River des Peres
The River des Peres (French: rivière des Pères) (English: //) is a 9.3-mile (15.0 km) metropolitan river in St. Louis, Missouri. It is the backbone of sanitary and storm water systems in the city of St. Louis and portions of St. Louis County. Its largest tributaries are Deer Creek and Gravois Creek.
- Confluence with the Mississippi River near River City Casino, St. Louis: 
- Creve Coeur, Missouri: 
The name, meaning "River of the Fathers," is of French origin, and was given by locals because a mission of Jesuit Catholic priests resided near the confluence of the river with the Mississippi. The priests were established in 1700 and soon moved south in 1703 to Kaskaskia, probably as a result of conflict with American Indians, roughly 60 years before the founding of St. Louis. There is also a city of the same name, Des Peres, located in west St. Louis County.
In preparation for the 1904 World's Fair, the portion of the river that flows through Forest Park was disguised by temporary wooden channels. Shortly thereafter, that portion was placed entirely underground.
The River des Peres has functioned as a combined sanitary sewer and storm drain for over 100 years. In the early 1930s, following high demand for preventive safety measures brought on by a series of fatal floods, the river was channelized, with its upper sections redirected underground in large sewage pipes. Design and construction was led by the United States Army Corps of Engineers, Horner & Shifrin, and the Works Progress Administration. The lower banks of the river, most notably along Willmore Park and the River des Peres Greenway, were lined with quarried limestone, producing a distinct, lasting landmark. "Safety First / W.P.A." is written in mosaics along the eastern banks. This southern length of the river now has a sewer beneath it, and fills only as a result of heavy rains.
In 1988, the American Society of Civil Engineers added the River des Peres Sewage & Drainage Works to its list of Historic Civil Engineering Landmarks for the calculations involved, the large-scale trench dewatering methods, and the soil stabilization procedures.
River des Peres enters underground culverts from north of Forest Park, emerges south of the park into concrete channels, and debouches into the Mississippi.
An artificial water flow that emulates the river was created through Forest Park, using the city's water supply. This is often mistakenly considered a re-creation of the original River des Peres. However, the water flow here is deliberately produced, not derived from rainfall, or runoff, etc., and cannot be considered a re-creation of the river. The resemblance of the water feature to a picturesque river scene was an attempt to maintain continuity with the appearance of the rest of Forest Park's landscape, which for the most part, excepting significantly recent additions to the Art Museum (by Peter Walker), upholds the original, early twentieth century pastoral design intentions of George Kessler. The design received notable objections due to its generous use of resources to present the appearance of a healthy river.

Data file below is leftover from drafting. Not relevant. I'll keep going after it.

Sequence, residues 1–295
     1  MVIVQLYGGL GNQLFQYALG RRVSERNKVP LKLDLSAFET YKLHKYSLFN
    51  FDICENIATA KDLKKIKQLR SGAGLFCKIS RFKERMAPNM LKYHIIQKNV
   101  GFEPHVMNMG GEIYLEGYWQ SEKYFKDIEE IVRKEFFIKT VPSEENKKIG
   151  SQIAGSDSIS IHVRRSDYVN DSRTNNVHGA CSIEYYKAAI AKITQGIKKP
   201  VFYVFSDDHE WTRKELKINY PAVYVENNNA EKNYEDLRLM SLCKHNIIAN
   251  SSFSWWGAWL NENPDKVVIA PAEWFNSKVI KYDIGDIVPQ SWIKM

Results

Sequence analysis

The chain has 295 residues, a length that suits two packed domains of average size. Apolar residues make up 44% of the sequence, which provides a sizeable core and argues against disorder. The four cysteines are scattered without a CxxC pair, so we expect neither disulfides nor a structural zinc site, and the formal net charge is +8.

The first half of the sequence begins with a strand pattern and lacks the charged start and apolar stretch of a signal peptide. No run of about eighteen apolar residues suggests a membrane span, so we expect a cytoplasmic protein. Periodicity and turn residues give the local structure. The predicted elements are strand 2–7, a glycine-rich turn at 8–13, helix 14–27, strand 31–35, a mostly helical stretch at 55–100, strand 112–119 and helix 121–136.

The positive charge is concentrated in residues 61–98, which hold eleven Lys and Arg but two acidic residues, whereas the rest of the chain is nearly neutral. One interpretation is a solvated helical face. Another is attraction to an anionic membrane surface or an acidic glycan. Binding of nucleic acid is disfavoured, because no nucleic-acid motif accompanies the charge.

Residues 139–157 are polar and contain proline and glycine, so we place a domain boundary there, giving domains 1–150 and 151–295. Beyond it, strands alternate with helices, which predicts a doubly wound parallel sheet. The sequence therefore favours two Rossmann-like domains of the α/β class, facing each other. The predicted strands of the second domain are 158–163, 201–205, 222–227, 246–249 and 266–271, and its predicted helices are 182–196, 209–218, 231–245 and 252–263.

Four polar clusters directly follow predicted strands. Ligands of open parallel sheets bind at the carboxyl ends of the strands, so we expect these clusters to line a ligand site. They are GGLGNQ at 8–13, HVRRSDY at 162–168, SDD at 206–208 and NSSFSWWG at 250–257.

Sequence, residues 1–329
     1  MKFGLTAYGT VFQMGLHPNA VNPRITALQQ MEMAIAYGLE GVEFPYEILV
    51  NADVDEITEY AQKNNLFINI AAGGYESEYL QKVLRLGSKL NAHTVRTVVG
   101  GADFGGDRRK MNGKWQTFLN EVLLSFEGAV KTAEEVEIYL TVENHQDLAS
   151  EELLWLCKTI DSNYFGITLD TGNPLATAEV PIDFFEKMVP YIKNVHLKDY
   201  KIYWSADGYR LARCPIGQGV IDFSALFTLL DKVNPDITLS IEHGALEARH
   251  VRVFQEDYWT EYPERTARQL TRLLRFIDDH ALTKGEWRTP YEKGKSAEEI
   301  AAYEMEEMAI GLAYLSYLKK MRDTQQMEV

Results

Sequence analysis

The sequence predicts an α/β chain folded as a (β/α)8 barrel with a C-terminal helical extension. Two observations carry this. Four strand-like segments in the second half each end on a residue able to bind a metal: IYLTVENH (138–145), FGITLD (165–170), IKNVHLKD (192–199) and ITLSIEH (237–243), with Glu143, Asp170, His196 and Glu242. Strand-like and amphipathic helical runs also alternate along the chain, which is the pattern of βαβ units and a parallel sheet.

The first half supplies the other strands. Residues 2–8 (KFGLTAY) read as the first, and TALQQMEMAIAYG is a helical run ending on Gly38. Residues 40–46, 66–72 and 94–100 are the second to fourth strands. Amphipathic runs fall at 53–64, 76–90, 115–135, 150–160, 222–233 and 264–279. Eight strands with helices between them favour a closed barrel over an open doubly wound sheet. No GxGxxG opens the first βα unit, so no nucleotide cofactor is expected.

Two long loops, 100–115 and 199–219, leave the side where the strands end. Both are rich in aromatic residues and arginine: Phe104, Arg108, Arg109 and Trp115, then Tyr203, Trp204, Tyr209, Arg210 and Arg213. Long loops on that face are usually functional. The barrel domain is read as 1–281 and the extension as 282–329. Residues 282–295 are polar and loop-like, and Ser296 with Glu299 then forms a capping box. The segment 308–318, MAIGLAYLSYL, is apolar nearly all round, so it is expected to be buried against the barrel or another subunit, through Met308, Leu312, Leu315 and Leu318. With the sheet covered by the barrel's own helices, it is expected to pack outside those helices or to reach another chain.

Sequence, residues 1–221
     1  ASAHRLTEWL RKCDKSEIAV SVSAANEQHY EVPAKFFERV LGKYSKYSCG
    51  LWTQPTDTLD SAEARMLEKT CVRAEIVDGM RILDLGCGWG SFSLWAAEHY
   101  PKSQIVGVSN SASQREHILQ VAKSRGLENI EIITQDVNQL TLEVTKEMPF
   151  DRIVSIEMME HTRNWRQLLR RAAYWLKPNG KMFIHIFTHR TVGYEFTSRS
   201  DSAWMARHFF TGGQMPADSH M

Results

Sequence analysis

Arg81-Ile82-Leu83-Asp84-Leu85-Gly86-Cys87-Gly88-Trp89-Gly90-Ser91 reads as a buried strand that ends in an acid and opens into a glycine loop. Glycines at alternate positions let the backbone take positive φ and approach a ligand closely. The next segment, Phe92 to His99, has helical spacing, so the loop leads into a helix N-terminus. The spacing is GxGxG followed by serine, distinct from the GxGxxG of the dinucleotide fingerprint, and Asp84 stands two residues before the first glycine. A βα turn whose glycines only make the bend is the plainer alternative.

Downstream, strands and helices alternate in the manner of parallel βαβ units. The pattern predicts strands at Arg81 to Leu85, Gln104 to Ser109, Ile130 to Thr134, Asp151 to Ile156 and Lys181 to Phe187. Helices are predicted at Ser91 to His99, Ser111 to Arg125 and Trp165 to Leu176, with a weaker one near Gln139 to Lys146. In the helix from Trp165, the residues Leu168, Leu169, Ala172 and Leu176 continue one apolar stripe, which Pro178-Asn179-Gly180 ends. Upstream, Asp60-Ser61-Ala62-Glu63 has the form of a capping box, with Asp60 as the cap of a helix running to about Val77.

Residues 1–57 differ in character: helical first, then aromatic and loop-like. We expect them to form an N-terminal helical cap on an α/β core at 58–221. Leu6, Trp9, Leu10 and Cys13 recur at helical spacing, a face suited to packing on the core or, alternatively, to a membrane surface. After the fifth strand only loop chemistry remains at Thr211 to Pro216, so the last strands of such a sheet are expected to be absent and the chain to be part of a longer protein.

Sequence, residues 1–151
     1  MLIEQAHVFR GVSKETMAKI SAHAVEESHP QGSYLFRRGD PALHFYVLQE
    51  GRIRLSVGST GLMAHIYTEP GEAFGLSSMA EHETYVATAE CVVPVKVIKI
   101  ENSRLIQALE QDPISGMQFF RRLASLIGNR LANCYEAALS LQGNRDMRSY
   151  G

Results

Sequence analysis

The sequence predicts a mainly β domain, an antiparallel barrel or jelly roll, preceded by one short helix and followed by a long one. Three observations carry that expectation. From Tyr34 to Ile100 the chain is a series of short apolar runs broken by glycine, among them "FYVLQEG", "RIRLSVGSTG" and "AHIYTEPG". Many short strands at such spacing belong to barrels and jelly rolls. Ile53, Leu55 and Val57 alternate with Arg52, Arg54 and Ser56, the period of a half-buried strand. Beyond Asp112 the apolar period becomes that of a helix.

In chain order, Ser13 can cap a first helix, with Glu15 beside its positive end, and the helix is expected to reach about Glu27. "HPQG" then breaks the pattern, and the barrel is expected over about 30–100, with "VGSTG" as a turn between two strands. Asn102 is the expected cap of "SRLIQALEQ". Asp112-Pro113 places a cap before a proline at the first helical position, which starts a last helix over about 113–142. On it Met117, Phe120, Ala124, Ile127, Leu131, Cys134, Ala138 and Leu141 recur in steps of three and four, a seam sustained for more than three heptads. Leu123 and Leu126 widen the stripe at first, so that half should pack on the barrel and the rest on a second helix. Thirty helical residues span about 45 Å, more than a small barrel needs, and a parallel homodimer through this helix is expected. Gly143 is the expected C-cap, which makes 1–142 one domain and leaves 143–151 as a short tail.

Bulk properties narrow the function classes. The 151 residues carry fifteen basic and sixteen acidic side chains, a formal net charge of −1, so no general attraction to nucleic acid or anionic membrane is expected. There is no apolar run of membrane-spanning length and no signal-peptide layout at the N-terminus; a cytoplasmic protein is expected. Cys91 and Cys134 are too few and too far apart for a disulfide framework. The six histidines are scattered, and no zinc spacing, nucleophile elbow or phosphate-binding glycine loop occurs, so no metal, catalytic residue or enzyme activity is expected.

The river is currently part of the combined sewer and stormwater system of its watershed, which includes large portions of St. Louis City and County. It is administered by the St. Louis Metropolitan Sewer District (MSD), which concerns itself primarily with sanitary and storm water management; and the United States Army Corps of Engineers, which handles general flood and safety concerns. MSD is working to separate the sanitary and stormwater systems, which will enable more recreational use of the river.
The planned River des Peres Greenway Project created an 11-mile (18 km) linear park along the river from Forest Park to the Mississippi. It is part of a larger system of works as part of the River Ring project by The Great Rivers Greenway District.
- U.S. Geological Survey. National Hydrography Dataset high-resolution flowline data. The National Map, accessed May 13, 2011
- "River des Peres". Geographic Names Information System. United States Geological Survey. Retrieved 2014-01-26.
- "Review" of Carl Masthay, Kaskaskia Illinois-to-French Dictionary, Saint Louis: Carl Masthay, 2002, International Journal of Lexicography, 17(3):325–327, accessed 1 Mar 2010
- "River des Peres Sewerage and Drainage Works". American Society of Civil Engineers. Archived from the original on 2012-03-14. Retrieved 2007-10-24. Cite uses deprecated parameter
- "A River Runs Through It... Again" George Hazzelrigg, Landscape Architecture Magazine, February 2004
- A Sewer Runs Through It- an article that appeared in the Riverfront Times on December 6, 2000.
- River des Peres Greenway Project
- The Harnessed Channel: How the River Des Peres Became an Open Sewer
- The River des Peres Watershed Coalition
- A River Runs Through It...Again Landscape Architecture Magazine. February 2004. Editorial critique of waterscape in Forest Park.
- River des Peres Living Room at B.E.L.T.
- "River des Peres Plan" 1916. St. Louis City Planning Commission
- Documentary video by HEC-TV, 'A Sewer Runs Through It'
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